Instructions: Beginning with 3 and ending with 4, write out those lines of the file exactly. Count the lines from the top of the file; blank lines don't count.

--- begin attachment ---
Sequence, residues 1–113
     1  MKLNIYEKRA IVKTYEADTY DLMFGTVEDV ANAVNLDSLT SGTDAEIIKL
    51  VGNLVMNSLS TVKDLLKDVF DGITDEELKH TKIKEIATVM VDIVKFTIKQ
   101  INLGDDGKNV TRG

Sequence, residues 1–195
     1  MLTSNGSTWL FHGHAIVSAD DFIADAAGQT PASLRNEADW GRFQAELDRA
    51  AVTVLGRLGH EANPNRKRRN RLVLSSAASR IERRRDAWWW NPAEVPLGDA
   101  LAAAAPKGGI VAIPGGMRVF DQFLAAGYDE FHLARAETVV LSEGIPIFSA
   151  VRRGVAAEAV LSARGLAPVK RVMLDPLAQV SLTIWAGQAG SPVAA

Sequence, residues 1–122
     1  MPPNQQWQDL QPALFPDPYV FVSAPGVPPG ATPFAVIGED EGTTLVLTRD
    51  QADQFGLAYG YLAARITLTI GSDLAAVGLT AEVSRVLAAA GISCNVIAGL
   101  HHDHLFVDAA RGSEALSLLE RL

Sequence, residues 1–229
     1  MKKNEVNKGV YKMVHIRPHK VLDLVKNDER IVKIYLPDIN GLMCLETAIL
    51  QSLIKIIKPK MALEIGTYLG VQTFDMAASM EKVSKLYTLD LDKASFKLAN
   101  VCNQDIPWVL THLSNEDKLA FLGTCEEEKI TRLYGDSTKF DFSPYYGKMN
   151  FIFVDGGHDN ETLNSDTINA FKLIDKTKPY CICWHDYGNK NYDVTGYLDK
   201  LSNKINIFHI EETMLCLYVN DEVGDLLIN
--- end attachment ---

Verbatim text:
    51  VGNLVMNSLS TVKDLLKDVF DGITDEELKH TKIKEIATVM VDIVKFTIKQ
   101  INLGDDGKNV TRG